Intel’s high-end GPU play is “Larrabee,” a general-purpose graphical computing processor architecture, scheduled to be demo’ed later this year (but probably not delivered until 2009). Meanwhile, NVIDIA, undeterred by having to worry about those pesky CPUs, is scheduled to introduce its next-generation Tesla products for GPU computing early in the new year. Those devices will presumably support 64-bit floating point math, bringing them closer to a general-purpose commodity vector processor for HPC. AMD has its own 64-bit graphics computing offering in the FireStream stream processor, also scheduled for delivery in Q1 2008.

With all the GPU talk in 2007, FPGAs have faded somewhat from the limelight. But they still represent perhaps the biggest unrealized potential of any HPC processor technology. As such, FPGAs seem forever poised to achieve greatness. Over the last year, it’s become much easier to connect these chips into standard servers, thanks to AMD and Intel providing the necessary hooks into the host processor. Software development remains the biggest challenge to more widespread adoption. If one of the two leading FPGA vendors, Xilinx or Altera, were to get directly involved in developing HPC-specific FPGA products themselves, like NVIDIA did for GPUs, I might be more bullish on these devices going mainstream. Until then, I see FPGAs mainly exploiting niches where the advantages of performance plus reconfigurability outweigh the extra programming pain.

Network interconnects will be another area to watch in 2008 as users look for a unifying fabric to connect cluster and storage nodes. In 2007, the popularity of InfiniBand continued to expand, riding the growth of high performance clusters. In 2008, iWARP NICs and faster switches may finally give 10GbE the boost it needs to challenge InfiniBand. But I’m still skeptical. The Ethernet crowd thinks its time has come, but I think they’ve underestimated the maturity and momentum built up by InfiniBand over the last few years. On the other hand, it’s tough betting against Ethernet in the long term. 2008 may provide some hints of how this will play out. (I delved a bit deeper into this topic in the final issue of 2007; see InfiniBand and 10GbE Head for Showdown).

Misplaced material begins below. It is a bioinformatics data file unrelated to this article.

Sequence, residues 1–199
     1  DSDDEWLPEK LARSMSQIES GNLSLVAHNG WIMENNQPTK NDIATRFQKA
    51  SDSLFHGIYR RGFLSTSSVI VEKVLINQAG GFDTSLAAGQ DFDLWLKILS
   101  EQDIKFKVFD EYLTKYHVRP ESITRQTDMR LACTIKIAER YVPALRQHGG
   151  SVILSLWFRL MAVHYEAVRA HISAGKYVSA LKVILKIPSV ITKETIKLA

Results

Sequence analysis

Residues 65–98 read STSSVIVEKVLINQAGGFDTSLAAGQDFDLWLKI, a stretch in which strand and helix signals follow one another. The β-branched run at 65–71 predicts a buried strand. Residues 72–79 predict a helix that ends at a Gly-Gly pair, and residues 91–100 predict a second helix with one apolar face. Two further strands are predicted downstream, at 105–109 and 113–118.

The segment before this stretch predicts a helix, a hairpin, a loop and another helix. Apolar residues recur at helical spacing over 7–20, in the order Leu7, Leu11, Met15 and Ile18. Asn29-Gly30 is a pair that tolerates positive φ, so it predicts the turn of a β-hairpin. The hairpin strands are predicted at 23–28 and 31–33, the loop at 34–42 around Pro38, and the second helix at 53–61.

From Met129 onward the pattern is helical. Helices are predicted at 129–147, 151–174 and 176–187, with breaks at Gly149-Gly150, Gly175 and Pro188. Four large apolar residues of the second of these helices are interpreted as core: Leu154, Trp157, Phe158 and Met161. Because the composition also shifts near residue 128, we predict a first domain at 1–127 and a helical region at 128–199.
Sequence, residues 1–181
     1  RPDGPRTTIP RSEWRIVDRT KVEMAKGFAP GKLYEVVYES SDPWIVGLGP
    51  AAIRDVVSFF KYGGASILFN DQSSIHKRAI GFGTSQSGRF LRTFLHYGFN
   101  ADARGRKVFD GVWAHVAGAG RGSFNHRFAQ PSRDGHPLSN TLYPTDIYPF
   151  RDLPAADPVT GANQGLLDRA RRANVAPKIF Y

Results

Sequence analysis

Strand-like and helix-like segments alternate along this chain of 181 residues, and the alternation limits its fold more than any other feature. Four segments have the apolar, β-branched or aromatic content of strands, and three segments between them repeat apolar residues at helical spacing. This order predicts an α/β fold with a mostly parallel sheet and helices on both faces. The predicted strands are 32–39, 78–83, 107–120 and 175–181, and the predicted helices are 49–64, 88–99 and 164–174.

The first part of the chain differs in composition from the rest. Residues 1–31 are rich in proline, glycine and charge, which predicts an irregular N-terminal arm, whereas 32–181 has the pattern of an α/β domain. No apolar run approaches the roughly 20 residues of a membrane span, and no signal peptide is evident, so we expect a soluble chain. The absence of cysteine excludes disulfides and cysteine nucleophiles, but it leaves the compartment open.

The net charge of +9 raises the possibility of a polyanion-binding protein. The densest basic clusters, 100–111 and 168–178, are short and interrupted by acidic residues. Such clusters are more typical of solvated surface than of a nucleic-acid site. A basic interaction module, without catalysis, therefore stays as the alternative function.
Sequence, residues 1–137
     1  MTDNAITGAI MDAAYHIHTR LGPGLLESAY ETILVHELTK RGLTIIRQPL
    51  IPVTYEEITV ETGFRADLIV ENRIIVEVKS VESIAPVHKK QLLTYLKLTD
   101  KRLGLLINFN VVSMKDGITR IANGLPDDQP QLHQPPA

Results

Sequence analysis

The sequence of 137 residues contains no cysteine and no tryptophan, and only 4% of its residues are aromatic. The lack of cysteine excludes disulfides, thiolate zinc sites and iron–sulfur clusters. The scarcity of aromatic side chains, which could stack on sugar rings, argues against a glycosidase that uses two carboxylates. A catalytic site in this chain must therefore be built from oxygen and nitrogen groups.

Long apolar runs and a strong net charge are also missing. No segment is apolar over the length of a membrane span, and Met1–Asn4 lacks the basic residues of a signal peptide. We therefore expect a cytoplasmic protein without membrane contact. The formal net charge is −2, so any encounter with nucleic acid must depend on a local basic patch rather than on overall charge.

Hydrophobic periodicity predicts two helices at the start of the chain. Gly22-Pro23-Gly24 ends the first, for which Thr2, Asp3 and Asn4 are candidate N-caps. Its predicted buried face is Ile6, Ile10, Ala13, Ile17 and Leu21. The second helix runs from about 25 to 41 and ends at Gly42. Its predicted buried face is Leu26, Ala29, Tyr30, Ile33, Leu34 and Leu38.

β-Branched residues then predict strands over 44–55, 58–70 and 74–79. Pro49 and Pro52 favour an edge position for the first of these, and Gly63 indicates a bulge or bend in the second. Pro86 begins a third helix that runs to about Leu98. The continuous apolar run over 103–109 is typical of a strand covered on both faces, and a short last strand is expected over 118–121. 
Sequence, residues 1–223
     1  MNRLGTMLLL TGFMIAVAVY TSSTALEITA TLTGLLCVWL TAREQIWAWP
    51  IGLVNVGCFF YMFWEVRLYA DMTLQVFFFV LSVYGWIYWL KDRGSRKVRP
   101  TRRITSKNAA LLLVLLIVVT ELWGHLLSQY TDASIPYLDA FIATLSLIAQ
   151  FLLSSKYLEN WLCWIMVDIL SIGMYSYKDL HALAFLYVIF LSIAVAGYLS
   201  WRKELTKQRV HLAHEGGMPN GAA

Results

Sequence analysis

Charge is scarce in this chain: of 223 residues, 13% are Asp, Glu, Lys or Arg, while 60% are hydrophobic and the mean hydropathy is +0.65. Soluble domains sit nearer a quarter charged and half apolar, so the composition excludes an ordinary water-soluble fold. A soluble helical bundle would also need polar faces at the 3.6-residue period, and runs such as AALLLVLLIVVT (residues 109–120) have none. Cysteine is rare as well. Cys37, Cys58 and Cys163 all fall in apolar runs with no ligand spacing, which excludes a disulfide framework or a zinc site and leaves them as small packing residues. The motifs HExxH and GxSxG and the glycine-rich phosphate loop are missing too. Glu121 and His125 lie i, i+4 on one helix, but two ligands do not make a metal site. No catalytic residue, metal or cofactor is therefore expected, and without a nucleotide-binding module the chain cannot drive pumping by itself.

If that’s not enough prognosticating for you, check out our two feature articles from the HPC brain trusts at IDC and Tabor Research, which offer some of their HPC predictions for the upcoming year. Both analyst teams run the numbers, estimating the size of the total HPC market for 2008. IDC continues to see the largest demand for medium to small HPC systems for departments and workgroups, while Tabor Research thinks a new category of HPC “threshold applications” will provide major growth. Both groups end up with a similar dollar figure for the total HPC market — in the neighborhood of $20 billion.

OK, $20 billion sounds like a lot. But what if a recession hits in the U.S.? The general consensus from economists seems to be that there’s about a 50/50 chance for one in 2008. If a credit crunch drives the recession, as many suspect it will, IT investments will nosedive. The impact on these high-growth HPC application areas could be substantial. The fallout might eliminate some struggling vendors as well as make others more susceptible to acquisition and mergers. That’s not necessarily the Doomsday scenario it suggests. A leaner HPC vendor community might serve to focus talent and resources at companies where they could do the most good.

Recession or not, HPC seems destined to continue its penetration into technology-hungry business segments over the next year. At the same time, high-end supercomputers will almost certainly establish new performance records and push the application envelope. All in all, 2008 should provide plenty of interest and intrigue for high performance computing users and spectators alike.

—–

As always, comments about HPCwire are welcomed and encouraged. Write to me, Michael Feldman, at editor@hpcwire.com.

Subscribe to HPCwire's Weekly Update!

Be the most informed person in the room! Stay ahead of the tech trends with industy updates delivered to you every week!

Researchers Scale COSMO Climate Code to 4888 GPUs on Piz Daint

October 17, 2017